California: New budget creates seismic shift in the Board of Equalization, expands the EITC

Blog Post

Earlier this month, the state’s $183 billion budget bill for the 2017-18 fiscal year, AB 97, passed both chambers. This week, Gov. Jerry Brown signed it into law.

CALMatters quoted Gov. Brown’s characterization of the budget as “balanced and progressive.” “Progressive” refers to the fact that it expands benefits for many poor Californians, which make up 25 percent to 33 percent of the Golden State’s 39 million residents. “Balanced” means that the budget spends “every last dollar” the state is projected to receive.

The earned income tax credit is an example of a progressive benefit, designed to help poor Californians. The California Chamber of Commerce reports that the budget’s EITC expansion will

Support more working families, including self-employed parents, in line with the federal EITC. It also expands income ranges to help families working up to full-time at the newly increased minimum wage benefit from the program. The expansion makes more than 1 million additional households eligible to claim the credit. For the 2015 tax year, nearly 400,000 households claimed the credit.

But Republicans were not very happy with the budget bill. On her website, the Senate Minority Leader, Pat Bates, said that it “continues a trail of broken promises and bait-and-switch maneuvers exploiting the initiative process.” She pointed to the tobacco tax initiative that voters approved last year on the promise that the new tax dollars would help address the shortage of doctors and dentists serving disadvantaged Californians. Instead, she asserted, the budget “fails to dedicate all of those tobacco tax dollars for health care.” She also disparaged the budget because it “ignores a school bond initiative voters approved which would have gone to building and modernizing classrooms for our students and teachers.”

The League of California Cities posted a list of the key items contained in AB 97, noting that it “largely tracked” the May revision that we detailed when it came out and the end of that month.

Among the most important items are the following:

  • Implementation of the Taxpayer Transparency and Fairness Act of 2017 by way of AB 102, which creates a “seismic shift” in the way taxes are administered under the State Board of Equalization (BOE). We have addressed the BOE’s problems several times this year, most recently in May, when lawmakers seemed finally ready to fix the beleaguered Board. Now, the new budget accounts for an agreement between the Governor and legislative leaders, with the support of the State Controller and Treasurer, that will lead to the transfer of responsibility for the collection and allocation of local sales and use taxes, among other things, to a newly created Department of Tax and Fee Administration.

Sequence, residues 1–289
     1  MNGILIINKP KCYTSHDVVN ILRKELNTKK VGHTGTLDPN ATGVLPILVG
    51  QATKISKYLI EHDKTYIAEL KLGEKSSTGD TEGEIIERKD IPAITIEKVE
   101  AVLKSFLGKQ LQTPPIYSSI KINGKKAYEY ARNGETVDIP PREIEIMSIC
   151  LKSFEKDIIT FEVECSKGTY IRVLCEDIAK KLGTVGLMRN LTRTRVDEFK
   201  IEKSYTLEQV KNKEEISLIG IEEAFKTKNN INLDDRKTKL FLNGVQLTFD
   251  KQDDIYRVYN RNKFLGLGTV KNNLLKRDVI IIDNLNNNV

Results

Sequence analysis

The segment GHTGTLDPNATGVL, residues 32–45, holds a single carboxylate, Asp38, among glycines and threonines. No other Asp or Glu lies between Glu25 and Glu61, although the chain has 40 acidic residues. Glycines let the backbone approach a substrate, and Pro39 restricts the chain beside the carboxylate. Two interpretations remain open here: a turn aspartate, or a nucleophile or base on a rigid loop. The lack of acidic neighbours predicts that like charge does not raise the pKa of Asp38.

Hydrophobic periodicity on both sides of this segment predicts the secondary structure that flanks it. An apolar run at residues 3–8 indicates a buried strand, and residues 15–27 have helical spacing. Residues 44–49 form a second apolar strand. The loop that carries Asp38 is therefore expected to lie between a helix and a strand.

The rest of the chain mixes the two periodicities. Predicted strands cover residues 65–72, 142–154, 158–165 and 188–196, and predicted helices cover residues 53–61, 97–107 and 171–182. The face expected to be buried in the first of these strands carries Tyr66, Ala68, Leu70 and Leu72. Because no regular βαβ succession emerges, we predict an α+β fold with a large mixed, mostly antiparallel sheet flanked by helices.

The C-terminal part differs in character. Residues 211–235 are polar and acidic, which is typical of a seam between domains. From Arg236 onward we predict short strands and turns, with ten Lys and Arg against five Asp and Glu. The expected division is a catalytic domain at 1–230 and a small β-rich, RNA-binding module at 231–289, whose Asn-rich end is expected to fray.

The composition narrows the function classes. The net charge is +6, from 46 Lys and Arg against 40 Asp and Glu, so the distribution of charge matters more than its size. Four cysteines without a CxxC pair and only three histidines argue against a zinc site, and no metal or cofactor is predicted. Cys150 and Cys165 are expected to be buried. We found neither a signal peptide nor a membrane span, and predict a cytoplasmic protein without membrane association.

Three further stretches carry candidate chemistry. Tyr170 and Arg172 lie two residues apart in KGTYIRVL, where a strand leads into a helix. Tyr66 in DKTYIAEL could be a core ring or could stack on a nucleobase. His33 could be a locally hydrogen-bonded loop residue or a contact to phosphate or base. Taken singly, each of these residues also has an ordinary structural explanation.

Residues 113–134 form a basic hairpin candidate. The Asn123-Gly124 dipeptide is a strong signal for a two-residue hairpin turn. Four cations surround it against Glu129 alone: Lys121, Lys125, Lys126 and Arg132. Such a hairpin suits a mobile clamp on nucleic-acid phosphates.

• Allocation of transportation funds under the recently passed SB 1. In our blog about the May revision, we explained that SB 1 increases the gas tax and creates a new annual Transportation Improvement Fee. The new revenues are to be put toward the following:
    • $1.5 billion in local assistance and capital
    • Up to $20 million State Highway Account funds, matched with up to $20 million federal funds, for its zero-emission vehicle project
    • $3.8 million in 2017-18 and $7.8 million in 2018-19 from the Road Maintenance and Rehabilitation Account for additional costs
  • Allocation of the $2 per pack increase in tobacco taxes to various health care purposes.
  • Implementation of various housing solutions for low income people, including:
    • $20 million for navigation centers, which are flexible dormitory style facilities where case managers connect individuals experiencing homelessness to permanent.
    • Additional resources for addressing homelessness, includingn$20 million for the Emergency Solutions Grant Program, $40 million for navigation centers, and $7.5 million for other community centers and shelters.

Other expenditures include funding for economic development through small business assistance, state retirement contributions, after school programs, drought response activities, including safe drinking water efforts, various parks and recreation activities, local public safety initiatives, and corrections and rehabilitation.

Items that still need to be buttoned up include an extension of the Cap-and-Trade program, water conservation legislation, and affordable housing.

In his state-of-the-state speech, and again when the May revision came out, Gov. Brown forecasted a downturn in the state’s economy and possibly even a recession in the coming years. Along these lines, the CALMatters piece observed that there are a number of clouds over the budget, including the following:

  • $282 billion in long‑term costs, debts, and liabilities, $279 billion of which are related to retirement costs of state and University of California employees.
  • $6 billion for payments to the California Public Employees Retirement System is insufficient in light of sharp increases projected in the future.
  • $9.9 billion in reserves, as hedge against an economic downturn, also insufficient in light of estimates that even a moderate recession would slash state revenues by $55 billion over three years.
One thing the budget does not address is tax reform, which CALMatters opines is sorely needed. It argues that California has become increasingly reliant on revenues from a “relative handful” of high-income taxpayers, which makes that revenue stream unpredictable.

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